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    The smart way to select a supplement

    Even with the best dietary intentions, we often fall short of meeting all our nutritional needs. One answer is a daily multivitamin, which is safe, effective, and can go a long way toward correcting any nutritional deficiencies.

    Of course, the ideal way to get your nutrients is still from food. Food not only supplies vitamins and minerals, but also gives us fiber and a host of other healthy compounds, like phytochemicals and antioxidants, that interact with each other in ways that supplements can't.

    The scientific community used to believe that a varied, healthful diet would provide all the vitamins and minerals we need. But recent surveys show that most American diets fall short of satisfying the minimum daily requirements for several vitamins and minerals. (Still, we rarely see actual deficiencies in the U.S., simply because we eat plenty of food.)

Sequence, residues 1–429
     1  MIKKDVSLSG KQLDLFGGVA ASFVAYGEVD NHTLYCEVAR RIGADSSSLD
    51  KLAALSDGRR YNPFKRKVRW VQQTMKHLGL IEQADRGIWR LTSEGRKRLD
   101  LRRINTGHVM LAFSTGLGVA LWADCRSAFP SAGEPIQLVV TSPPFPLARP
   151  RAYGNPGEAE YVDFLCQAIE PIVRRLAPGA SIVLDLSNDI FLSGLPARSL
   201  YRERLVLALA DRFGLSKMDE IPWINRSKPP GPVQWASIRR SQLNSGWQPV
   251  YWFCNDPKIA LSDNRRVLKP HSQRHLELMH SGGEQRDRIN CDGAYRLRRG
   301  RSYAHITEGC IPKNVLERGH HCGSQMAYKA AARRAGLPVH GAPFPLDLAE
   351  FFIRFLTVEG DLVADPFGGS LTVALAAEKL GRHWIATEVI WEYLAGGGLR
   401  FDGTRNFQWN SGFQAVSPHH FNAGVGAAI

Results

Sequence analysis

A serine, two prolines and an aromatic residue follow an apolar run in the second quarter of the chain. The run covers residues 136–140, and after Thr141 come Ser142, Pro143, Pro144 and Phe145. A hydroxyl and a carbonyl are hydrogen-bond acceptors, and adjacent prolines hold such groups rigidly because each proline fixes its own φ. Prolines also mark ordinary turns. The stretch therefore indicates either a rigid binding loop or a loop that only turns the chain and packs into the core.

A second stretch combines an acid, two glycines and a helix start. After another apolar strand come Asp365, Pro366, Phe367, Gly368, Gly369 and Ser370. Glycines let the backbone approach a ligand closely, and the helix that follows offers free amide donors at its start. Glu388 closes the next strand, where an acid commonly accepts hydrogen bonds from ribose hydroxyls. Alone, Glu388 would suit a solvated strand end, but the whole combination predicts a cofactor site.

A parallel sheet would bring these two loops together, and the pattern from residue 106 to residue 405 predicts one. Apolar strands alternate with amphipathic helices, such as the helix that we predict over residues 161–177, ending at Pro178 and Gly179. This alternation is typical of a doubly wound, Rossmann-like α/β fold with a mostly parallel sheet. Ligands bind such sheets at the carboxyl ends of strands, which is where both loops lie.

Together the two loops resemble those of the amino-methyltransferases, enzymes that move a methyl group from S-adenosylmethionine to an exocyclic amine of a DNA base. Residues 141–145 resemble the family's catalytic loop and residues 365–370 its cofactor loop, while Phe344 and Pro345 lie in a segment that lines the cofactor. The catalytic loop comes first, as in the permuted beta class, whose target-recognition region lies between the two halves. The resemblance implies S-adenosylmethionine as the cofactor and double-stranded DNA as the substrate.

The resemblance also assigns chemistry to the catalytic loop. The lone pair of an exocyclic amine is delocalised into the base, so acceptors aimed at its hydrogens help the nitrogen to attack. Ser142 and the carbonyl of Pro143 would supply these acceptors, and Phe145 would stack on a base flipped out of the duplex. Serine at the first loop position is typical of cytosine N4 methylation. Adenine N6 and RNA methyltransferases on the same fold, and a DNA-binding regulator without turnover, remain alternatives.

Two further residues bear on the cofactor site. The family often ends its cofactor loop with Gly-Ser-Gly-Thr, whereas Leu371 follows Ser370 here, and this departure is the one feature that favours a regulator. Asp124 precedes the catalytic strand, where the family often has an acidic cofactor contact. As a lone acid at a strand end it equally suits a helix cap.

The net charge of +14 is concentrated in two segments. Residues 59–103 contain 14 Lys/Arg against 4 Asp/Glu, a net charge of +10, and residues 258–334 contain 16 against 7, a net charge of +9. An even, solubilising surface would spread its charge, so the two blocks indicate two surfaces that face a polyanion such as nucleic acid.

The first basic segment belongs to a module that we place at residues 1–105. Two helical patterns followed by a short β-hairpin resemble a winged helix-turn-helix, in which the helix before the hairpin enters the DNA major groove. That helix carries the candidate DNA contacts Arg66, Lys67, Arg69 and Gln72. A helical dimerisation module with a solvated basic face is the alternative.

The culprit? Often, it's life in the fast lane -- chowing down on too much fast food and not enough fruits, veggies, whole grains, and low-fat dairy. Researchers have concluded that a single daily multivitamin/mineral pill may be the answer for achieving optimum health and preventing chronic diseases.

    At the WebMD Weight Loss Clinic, we encourage everyone to take a daily multivitamin. This is especially important for people whose calorie prescription is less than 1,500 per day.

    Under certain conditions -- for example, if you're pregnant or following a strict vegetarian diet -- you may need additional supplements. Check with your doctor or a registered dietitian for more information.

    Nutritional Insurance

    Approximately 40% of Americans take supplements, according to the third U.S. National Health Examination Survey. And the most popular supplement is the multivitamin.

    One important point: a daily multivitamin supplements your diet; it's not intended to correct a bad diet. The benefit of a daily multi is that it can make up for minor deficiencies in your diet that could eventually help lead to chronic disease. In fact, a study published in the August 2003 Journal of Nutrition found that men and women who took multivitamins significantly reduced their risk for a first heart attack.

    The body needs roughly 40 vitamins and minerals each day for good health, and it's not always easy to get all of those from food. Taking a daily multivitamin certainly won't hurt, even if your diet is already chock full of vitamins and minerals.

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